July is National Sheep Lameness Month and at this time of year it is not uncommon to see lameness in ewes and lambs out at grass.

Sheep may present with obvious discomfort, limping when walking, or they may be seen kneeling or lying for long periods. Infectious diseases, such as footrot, scald and CODD, are the most common cause of sheep lameness.

Gazette & Herald:

Prevention is always better than cure, however, this is not always easy given that wet weather can predispose animals to disease. Lameness is managed most successfully by a combination of preventative and therapeutic approaches.

The Lameness Reduction Five Point Plan incorporates both:

  1. Quarantine incoming animals – separate bought-in stock for 4 weeks after purchase. Monitor and treat any lameness before introduction to the rest of the flock.
  2. Treat clinical cases early – recent trial data has shown that half of sheep that were lame once became lame again. Treatment with an antibiotic spray can be used as advised by your vet alongside anti-inflammatory pain relief.
  3. Avoid spreading infection at gathering and handling – this can be done by regular foot bathing, improving cleanliness and drainage of handling areas, putting lime around water troughs and grazing fields in rotation.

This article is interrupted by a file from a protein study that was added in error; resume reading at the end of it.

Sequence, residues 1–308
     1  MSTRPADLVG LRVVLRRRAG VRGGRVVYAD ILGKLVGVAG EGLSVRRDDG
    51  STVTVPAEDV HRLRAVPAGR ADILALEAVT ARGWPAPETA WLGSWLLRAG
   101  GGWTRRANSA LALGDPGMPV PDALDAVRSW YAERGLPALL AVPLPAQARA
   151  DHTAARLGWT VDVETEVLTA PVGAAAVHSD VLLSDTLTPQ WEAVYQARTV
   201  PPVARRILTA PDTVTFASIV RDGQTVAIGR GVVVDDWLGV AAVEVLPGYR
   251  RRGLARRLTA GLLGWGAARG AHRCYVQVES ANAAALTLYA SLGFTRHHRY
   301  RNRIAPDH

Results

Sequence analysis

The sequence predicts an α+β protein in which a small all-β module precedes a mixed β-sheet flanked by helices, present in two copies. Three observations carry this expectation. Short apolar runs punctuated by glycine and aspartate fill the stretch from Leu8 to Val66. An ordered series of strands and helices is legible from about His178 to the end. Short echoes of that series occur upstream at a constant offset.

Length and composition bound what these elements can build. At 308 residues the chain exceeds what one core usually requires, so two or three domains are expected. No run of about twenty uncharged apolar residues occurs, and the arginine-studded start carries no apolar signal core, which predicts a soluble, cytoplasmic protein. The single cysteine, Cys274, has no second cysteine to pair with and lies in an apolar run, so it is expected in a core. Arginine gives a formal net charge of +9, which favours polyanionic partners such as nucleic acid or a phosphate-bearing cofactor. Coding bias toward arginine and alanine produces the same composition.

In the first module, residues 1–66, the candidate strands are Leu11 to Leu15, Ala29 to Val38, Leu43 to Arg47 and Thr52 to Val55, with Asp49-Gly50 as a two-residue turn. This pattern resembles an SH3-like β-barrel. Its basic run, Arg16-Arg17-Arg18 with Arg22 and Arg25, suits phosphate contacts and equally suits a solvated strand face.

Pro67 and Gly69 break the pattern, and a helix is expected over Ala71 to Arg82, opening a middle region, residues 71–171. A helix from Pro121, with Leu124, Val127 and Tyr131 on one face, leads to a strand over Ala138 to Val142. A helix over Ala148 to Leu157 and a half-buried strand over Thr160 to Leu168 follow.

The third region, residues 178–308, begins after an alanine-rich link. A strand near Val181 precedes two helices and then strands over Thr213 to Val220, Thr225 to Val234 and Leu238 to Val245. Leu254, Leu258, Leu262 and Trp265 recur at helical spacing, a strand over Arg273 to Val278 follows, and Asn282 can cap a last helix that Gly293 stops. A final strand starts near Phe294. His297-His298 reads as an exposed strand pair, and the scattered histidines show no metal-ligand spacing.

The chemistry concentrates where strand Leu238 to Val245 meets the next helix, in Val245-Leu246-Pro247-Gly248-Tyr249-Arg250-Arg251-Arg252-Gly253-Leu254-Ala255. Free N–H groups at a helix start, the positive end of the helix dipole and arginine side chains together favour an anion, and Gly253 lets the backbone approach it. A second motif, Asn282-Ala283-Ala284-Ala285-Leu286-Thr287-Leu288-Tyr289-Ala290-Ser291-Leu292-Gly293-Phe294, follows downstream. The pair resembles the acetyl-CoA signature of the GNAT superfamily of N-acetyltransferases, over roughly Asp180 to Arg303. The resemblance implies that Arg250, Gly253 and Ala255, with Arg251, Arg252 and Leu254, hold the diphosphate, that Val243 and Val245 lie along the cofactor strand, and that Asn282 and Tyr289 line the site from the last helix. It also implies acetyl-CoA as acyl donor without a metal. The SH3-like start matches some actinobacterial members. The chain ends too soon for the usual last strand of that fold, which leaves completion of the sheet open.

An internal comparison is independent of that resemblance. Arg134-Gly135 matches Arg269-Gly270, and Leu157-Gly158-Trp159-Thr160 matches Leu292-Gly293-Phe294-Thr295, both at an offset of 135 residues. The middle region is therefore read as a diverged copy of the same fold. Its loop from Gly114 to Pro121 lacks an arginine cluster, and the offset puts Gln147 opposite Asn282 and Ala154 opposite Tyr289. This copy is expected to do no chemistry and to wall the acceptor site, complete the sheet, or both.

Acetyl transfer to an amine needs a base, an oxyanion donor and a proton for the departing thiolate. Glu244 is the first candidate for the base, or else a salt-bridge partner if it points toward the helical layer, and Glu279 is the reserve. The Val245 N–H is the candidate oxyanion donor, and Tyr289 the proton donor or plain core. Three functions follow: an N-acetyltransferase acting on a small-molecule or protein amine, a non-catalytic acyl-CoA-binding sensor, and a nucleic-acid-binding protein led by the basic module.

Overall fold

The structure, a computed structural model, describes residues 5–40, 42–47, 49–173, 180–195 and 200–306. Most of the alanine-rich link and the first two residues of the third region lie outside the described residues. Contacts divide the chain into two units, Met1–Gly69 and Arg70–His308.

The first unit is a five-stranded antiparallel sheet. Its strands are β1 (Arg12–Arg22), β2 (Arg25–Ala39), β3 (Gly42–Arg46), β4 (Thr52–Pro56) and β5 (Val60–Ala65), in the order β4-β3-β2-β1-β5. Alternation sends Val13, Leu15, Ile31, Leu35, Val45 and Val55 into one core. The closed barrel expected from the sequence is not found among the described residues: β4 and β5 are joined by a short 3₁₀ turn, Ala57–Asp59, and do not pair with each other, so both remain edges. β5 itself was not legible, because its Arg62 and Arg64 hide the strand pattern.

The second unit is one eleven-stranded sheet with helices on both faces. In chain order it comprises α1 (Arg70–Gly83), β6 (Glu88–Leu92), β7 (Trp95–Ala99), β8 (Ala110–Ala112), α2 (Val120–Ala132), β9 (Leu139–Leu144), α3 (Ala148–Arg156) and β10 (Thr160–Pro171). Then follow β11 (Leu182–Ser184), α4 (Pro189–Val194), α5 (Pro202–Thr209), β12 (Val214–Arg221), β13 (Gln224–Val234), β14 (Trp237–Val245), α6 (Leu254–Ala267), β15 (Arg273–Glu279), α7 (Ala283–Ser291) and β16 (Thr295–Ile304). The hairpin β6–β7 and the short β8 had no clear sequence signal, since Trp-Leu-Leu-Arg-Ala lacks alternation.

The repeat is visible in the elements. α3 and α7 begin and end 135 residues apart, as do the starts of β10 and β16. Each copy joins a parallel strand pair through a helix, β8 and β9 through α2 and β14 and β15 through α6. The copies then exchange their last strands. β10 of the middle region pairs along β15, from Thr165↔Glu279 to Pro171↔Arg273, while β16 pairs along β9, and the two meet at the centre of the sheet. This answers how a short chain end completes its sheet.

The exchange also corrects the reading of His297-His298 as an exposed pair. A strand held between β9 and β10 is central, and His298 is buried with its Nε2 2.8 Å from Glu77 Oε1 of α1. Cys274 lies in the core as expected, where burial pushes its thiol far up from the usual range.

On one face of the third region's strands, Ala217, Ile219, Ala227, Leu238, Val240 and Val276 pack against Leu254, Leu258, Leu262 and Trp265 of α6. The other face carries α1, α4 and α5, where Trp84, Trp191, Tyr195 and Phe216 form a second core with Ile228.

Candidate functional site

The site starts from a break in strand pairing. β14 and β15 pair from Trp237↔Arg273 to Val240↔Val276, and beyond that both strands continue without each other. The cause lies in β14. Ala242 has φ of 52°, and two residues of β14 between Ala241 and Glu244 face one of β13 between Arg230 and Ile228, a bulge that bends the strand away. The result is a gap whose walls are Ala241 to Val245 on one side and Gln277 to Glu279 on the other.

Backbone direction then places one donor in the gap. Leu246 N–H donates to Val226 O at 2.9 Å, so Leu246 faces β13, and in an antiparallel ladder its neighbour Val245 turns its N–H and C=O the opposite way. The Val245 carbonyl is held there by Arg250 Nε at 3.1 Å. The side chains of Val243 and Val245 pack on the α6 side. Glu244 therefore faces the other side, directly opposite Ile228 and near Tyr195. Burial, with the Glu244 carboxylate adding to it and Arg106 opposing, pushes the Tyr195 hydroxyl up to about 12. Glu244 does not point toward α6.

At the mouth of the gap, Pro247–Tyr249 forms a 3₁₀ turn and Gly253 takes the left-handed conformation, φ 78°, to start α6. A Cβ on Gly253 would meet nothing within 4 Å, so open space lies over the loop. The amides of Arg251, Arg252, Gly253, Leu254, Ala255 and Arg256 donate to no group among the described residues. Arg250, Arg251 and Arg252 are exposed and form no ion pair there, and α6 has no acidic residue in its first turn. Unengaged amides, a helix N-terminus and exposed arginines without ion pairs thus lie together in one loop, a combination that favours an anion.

4. Vaccinate animals to stimulate immunity – vaccination can prevent and reduce painful lesions caused by footrot.
  5. Cull badly or repeatedly affected animals.

Gazette & Herald:

While we are thinking about sheep, let’s not forget about the boys and the role they have. Anyone wishing to use teaser tups with your breeding flock to help tighten up your lambing period and maximise conception rates need to be getting organised now. Tup vasectomies are a reasonably short procedure carried out under sedation. Surgery should be performed at least 4 weeks prior to use, as they may still be fertile during this time. After using teaser tups it is essential to have enough fertile rams to cope with the resulting compact breeding period. We recommend approximately 1 fertile ram per 25-30 ewes.

Gazette & Herald:

If you are considering using a teaser tup and would like more information or if we can help advise on lameness issues, please phone the practice on 01751 469343 or contact info@derwentvalefarmvets.co.uk.